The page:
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    bv
    @bv:matrix.org
    [m]
    looks reasonable
    Cassiel-girl
    @Cassiel-girl
    This is the official zmq example code for sending and receiving numpy arrays. Do you think this has any advantages over using json/protobufd etc? This code seems to be more complex.
    bv
    @bv:matrix.org
    [m]
    if you do not care about non-Python languages you could also use "pickle" or use Numpy.load/save directly via io.BytesIO
    Actually, looking at the code closer, socket.send(A, ...) I'm not sure how A is sent. maybe via pickle serialization
    Cassiel-girl
    @Cassiel-girl
    Several data
    Method 1: Use zmq.SNDMORE to send the data several times.
    1. Method 2: We manually pack the data into a json structure and send it once.
      What are the advantages of each of the two methods? Will the former be more performant than the latter?
    bv
    @bv:matrix.org
    [m]
    I'd figure out is non-Python code ever needs to be involved. If so, I'd not use a Python-specific serialization.
    it's hard to say about performance without testing. often, things I think will be slow are not and vice versa.
    what is the general application meant for?
    Cassiel-girl
    @Cassiel-girl
    zmq.SNDMORE and json are functionally equivalent, right? Anything that zmq.SNDMORE can do, we can do based on json, right?
    bv
    @bv:matrix.org
    [m]
    as for SNDMORE vs packing, I don't think there's all that much difference. SNDMORE will make zeromq do the packing instead of your own code.
    no. SNDMORE and use of JSON are orthogonal
    SNDMORE tells zeromq you want to make a "multi part message"
    Cassiel-girl
    @Cassiel-girl
    how to understand SNDMORE and use of JSON are orthogonal
    bv
    @bv:matrix.org
    [m]
    on the wire a multi-part message looks like: [size|bytes][size|bytes] where each size gives the size of the bytes part.
    without SNDMORE the message is simply "single part"
    with JSON the bytes part is filled specifically with JSON text
    so, I can send a single part message holding JSON or I can send a multi-part message with each part holding JSON (or some other format). the two choices are independent / orthogonal
    Cassiel-girl
    @Cassiel-girl
    I can understand from you explain
    Both sendmore and json can be used to implement message protocols.
    bv
    @bv:matrix.org
    [m]
    yes.
    though, you need not use sendmore. the "draft" sockets like SERVER/CLIENT do not even support multi-part messages.
    and anytime you want something like multiple parts, you can always create them at the application layer
    Cassiel-girl
    @Cassiel-girl
    nanomsg will replace zeromq?
    bv
    @bv:matrix.org
    [m]
    I doubt it. Both have been around for a long time. Is nanomsg even maintained anymore?
    nanomsg has had one set of commits this year. so it's not neglected.
    Cassiel-girl
    @Cassiel-girl
    Do you mean that nanomsg is no longer maintained?
    bv
    @bv:matrix.org
    [m]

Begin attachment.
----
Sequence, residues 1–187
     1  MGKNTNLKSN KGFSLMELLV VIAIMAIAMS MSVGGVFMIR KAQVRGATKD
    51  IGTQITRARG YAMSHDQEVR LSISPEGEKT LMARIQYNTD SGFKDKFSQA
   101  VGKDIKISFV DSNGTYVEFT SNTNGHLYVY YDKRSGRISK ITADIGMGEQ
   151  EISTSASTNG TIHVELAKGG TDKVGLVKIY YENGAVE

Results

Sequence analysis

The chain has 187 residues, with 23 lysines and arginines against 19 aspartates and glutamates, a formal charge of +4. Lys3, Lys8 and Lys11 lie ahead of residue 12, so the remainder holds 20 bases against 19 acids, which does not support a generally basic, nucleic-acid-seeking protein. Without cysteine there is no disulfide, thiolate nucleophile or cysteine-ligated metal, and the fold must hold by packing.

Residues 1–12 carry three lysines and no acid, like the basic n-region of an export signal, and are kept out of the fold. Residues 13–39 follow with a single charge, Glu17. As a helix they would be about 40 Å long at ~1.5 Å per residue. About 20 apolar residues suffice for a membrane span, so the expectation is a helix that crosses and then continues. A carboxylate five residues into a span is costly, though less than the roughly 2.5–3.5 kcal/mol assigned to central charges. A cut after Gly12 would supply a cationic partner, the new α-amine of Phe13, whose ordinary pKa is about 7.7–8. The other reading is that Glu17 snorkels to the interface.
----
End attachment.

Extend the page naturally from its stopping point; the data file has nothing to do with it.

It was a question. Then, I checked it's github and see one group of commits this year. So, it seems still maintained.
    Cassiel-girl
    @Cassiel-girl
    What is the biggest advantage of nanomsg over zeromq?
    bv
    @bv:matrix.org
    [m]
    I have never used nanomsg so I can't comment.
    Cassiel-girl
    @Cassiel-girl
    Is zeromq a message queue?
    bv
    @bv:matrix.org
    [m]
    yes and no. it has message queues inside each of its socket. but many people hear "message queue" and they think "centralized message broker". zeromq is NOT that, but zeromq can be used to make "centralized message brokers".
    we can see many blogs or articles comparing zeromq and rabbitmq and other "centralized message brokers". These are "apples and oranges" comparisons. A more correct comparison would be "zeromq" (or nanomsg) and BSD sockets.
    Cassiel-girl
    @Cassiel-girl
    Many people say that zeromq is not a message queue, it is just a socket-like library. The performance is a bit higher because there is a lot less stuff.
    Is zeromq still being maintained? Does it support rmda?
    bv
    @bv:matrix.org
    [m]
    zeromq is being maintained and new language bindings are in healthy development
    I don't know about rdma. but I know that stock zeromq can saturate 25 Gbps and with more I/O threads can saturate 100 Gbps.
    Cassiel-girl
    @Cassiel-girl
    how to saturate 100Gbps?
    could you show some examples?
    bv
    @bv:matrix.org
    [m]
    the context can be told to use multiple I/O threads
    however, this leads to out-of-order messages which must then be handled by the application layer
    easier would be to use multiple sockets
    in the wiki there is some tests of 100 Gbps but since the hack that's not available
    I have an informal report of a test I did
    Cassiel-girl
    @Cassiel-girl
    I have recently encountered this problem. Could you please send me an example to learn it?
    bv
    @bv:matrix.org
    [m]
    which problem?
    Cassiel-girl
    @Cassiel-girl
    I have a 200Gbps network, how to saturate it?
    bv
    @bv:matrix.org
    [m]
    Oh, I see. here's my informal note. https://www.phy.bnl.gov/~bviren/tmp/zmq/latthr.pdf
    libzmq has latency and throughput test programs in the source tree. I also wrote my own https://github.com/brettviren/zperfmq
    I don't think I've seen a test at 200 Gbps yet so if you test please share your results.
    Cassiel-girl
    @Cassiel-girl
    sure, thank you